A growing number of people around the world are calling for the public ownership of seeds, which they say is essential for a more democratic and ecologically sound food system, as the coronavirus-driven spike in empty supermarket shelves and the continued loss of biodiversity this year sparked a rise in the popularity of saving and swapping seeds and shed more light on the negative consequences of allowing a handful of agrochemical corporations to dominate the global seed trade.
In the U.K., the seed saving movement had been "quietly growing" for awhile, but "from March onwards, when the pandemic hit the U.K., seed producers and seed banks across the country were overwhelmed with demand," with multiple organizations experiencing a "sharp surge in orders, 600% in some cases," Alexandra Genova reported in The Guardian.
"People crave connection," David Price, managing director of the Seed Cooperative, told The Guardian. "They want connection with other people and connection with the planet, and growing and saving seed is a way of getting both."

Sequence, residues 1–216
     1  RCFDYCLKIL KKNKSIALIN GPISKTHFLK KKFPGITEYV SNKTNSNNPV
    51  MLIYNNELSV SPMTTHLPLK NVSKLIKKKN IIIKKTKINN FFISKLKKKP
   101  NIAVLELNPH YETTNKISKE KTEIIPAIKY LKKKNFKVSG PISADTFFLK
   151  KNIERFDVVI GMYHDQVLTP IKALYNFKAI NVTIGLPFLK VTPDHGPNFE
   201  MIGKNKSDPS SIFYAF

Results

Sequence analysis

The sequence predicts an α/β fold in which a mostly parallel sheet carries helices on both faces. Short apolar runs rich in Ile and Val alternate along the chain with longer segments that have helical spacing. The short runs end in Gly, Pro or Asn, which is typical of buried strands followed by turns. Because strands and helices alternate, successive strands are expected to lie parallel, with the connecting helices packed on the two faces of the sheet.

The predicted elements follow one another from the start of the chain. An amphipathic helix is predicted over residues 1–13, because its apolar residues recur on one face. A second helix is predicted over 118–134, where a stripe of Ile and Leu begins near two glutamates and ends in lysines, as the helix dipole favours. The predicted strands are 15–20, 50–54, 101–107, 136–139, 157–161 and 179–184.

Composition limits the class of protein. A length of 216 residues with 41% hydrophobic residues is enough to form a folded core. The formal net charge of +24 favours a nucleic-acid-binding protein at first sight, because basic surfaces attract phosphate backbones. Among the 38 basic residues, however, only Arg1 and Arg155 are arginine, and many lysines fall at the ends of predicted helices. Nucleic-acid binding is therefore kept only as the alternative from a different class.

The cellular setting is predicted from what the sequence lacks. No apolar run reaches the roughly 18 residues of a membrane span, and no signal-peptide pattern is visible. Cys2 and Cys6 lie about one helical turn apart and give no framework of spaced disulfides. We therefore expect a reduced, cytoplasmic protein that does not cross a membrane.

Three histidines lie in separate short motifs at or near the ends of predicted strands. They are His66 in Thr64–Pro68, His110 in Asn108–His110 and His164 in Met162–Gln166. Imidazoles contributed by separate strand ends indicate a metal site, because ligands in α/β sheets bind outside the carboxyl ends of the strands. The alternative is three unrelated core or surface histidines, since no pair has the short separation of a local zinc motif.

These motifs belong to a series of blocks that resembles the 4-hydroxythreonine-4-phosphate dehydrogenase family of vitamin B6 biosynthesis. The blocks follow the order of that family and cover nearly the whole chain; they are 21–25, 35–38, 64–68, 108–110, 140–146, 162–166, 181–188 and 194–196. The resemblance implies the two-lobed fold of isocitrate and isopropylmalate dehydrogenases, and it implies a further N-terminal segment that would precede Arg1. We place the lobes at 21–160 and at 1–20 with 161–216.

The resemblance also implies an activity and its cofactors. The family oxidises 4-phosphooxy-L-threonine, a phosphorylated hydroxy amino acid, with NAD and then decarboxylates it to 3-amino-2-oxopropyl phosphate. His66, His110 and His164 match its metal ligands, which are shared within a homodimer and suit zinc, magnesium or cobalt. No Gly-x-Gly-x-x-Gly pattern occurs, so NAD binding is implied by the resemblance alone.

Genova noted that while "many British consumers feel disconnected from the processes of food production … seed saving allows everyone to be involved in the food system." Moreover, advocates say seed saving can contribute to reversing the dramatic decline in the availability of plant varieties that are "richly diverse, well adapted to the soil and local climate, and more resilient to climate change."
The UN Food and Agricultural Organization (FAO) has estimated that since the beginning of the 20th century, roughly 75% of the genetic diversity of agricultural crops and 93% of unique seed varieties have disappeared. This biodiversity loss has been attributed to industrialized agriculture and what Genova called "the big boom in agrochemicals."